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The Internet of things, also known as the Internet of everything or the industrial internet, is a term applied to the next 50 billion machines and devices that will go online in the coming two decades. All stakeholders will have to evaluate whether their policies and practices enable or inhibit the ability of economies and societies to seize the benefits.
The growing role of the digital economy in daily life has heightened demand for new data and measurement tools. Internationally comparable and timely statistics combined with robust cross-country analyses are crucial to strengthen the evidence base for digital economy policy making, particularly in a context of rapid change. This report presents indicators traditionally used to monitor the information society and complements them with
The OECD Conference on Innovating the Public Sector: From Ideas to Impact on 12-13 November 2014 will bring together public sector practitioners, researchers, civil society and businesses to discuss how innovation can help solve today's complex challenges.
This report examines what economic theory can teach us about the reasons why the adoption of this latest Internet protocol is taking longer than was thought at its introduction.
A key issue for policy makers and regulators is market structures that will best deliver efficient and inclusive mobile communication services. This report addresses recent experience in selected countries that have changed or held constant the number of facilities-based operators; and initial experience and key questions that have arisen with wireless network sharing.
In countries with four or more mobile operators benefits to consumers are visible through more competitive, more inclusive, and more understandable offers. International mobile roaming is another area where challenger brands are changing markets.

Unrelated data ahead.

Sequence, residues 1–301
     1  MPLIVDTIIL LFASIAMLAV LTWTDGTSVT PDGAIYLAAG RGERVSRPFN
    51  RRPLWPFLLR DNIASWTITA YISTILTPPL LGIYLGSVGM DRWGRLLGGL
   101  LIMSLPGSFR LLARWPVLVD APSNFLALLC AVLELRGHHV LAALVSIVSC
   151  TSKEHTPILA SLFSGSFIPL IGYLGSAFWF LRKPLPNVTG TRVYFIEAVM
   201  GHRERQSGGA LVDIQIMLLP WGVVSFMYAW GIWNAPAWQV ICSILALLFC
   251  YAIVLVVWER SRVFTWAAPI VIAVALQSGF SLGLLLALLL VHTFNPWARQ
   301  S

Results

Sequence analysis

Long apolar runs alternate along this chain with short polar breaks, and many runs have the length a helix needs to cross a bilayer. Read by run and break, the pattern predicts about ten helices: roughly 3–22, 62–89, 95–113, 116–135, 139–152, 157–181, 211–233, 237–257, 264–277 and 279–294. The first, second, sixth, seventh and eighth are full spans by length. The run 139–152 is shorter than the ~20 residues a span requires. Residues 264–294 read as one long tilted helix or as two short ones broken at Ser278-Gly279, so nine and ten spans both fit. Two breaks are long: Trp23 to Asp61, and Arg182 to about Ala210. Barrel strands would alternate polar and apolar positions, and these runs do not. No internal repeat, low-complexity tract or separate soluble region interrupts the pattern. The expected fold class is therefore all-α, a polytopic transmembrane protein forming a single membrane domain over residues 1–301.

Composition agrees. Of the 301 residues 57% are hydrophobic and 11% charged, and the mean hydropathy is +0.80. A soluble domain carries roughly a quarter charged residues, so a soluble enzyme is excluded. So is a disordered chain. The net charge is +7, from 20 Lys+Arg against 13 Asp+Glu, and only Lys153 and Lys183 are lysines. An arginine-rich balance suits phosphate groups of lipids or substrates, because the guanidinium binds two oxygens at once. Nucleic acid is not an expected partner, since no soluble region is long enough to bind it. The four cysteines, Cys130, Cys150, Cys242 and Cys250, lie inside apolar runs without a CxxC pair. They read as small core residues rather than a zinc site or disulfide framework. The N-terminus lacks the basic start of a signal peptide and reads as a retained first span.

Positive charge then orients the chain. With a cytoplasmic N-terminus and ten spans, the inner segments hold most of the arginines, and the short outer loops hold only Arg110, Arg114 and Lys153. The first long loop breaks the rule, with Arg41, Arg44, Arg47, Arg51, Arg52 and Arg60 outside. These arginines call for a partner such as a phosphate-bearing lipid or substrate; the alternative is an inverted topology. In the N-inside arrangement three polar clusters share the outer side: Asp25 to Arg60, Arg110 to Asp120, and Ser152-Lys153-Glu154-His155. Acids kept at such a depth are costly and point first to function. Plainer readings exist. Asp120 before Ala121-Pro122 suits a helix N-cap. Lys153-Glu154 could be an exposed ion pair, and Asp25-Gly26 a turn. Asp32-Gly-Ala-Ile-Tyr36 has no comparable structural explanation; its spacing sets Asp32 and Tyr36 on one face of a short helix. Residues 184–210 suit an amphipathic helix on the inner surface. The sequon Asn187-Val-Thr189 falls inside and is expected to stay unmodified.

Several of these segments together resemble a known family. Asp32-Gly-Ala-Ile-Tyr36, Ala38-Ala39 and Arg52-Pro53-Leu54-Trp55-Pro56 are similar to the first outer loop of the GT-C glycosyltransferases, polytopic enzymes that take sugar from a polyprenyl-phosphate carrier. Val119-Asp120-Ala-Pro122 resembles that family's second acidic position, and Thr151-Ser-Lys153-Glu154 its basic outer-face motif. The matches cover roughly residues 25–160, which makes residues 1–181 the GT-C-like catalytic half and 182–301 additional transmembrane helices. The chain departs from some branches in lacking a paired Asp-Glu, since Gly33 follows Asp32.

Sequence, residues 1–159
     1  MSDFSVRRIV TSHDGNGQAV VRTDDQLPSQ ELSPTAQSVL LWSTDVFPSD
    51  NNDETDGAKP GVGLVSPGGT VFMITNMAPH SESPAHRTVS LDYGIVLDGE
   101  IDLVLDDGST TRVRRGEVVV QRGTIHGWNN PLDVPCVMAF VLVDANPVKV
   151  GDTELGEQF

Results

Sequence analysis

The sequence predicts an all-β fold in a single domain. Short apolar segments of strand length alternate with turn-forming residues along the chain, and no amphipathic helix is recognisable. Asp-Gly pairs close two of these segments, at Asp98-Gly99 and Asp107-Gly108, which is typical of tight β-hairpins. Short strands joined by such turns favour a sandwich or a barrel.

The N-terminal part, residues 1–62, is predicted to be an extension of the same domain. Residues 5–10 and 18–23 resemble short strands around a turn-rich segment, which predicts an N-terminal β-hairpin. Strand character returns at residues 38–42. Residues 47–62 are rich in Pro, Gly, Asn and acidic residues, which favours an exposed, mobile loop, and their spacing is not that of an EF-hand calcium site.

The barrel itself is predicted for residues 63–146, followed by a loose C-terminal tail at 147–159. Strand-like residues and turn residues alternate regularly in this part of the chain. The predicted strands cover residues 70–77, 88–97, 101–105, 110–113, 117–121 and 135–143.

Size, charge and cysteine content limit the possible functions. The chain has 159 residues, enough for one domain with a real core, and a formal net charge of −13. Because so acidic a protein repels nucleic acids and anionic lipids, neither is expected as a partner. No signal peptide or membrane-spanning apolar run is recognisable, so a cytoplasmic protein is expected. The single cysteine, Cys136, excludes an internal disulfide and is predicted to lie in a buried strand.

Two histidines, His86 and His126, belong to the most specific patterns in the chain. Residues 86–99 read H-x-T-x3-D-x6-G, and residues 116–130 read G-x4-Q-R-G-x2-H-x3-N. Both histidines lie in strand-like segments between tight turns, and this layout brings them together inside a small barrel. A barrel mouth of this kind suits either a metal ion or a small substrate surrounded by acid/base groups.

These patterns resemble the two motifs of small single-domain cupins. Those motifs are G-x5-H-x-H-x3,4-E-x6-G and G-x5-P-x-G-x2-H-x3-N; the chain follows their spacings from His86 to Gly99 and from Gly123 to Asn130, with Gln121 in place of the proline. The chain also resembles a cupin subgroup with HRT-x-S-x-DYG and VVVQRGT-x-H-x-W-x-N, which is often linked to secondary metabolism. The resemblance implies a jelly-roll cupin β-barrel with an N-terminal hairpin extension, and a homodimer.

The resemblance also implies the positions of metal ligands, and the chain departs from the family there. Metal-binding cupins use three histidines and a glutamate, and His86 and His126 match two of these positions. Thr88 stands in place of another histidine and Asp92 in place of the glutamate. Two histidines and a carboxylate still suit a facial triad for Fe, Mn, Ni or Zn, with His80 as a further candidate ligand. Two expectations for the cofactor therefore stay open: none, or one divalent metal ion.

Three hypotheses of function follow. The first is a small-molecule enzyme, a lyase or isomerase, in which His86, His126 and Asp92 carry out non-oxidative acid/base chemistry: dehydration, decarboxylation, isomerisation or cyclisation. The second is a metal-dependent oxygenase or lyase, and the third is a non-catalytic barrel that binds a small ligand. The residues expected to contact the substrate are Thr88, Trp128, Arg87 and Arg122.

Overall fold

Both generic and specialised ICT skills are becoming an important requirement for employment across the economy as the Internet becomes more engrained in work processes, but a significant part of the population lacks the basic skills necessary to function in this new environment. This paper examines the impact of the Internet on the labour market in this context.
To help boost trust in e-commerce, the OECD has released two sets of policy guidelines aimed to strengthen consumer protection in mobile and online payments and in the acquisition of digital content (such as e-books or streamed music).
It is important that consumers, including children, understand their rights and obligations when acquiring and using digital products. They also need to be informed about how their personal data may be collected and used, with whom it may be shared and why, and the type of redress that may be obtained when problems arise.
The overarching theme of the 2014 Global Forum, held in Tokyo on 2 and 3 October, was data-driven innovation for a resilient society. The event focused on the collection and use of data throughout the economy and society for enhanced growth and well-being.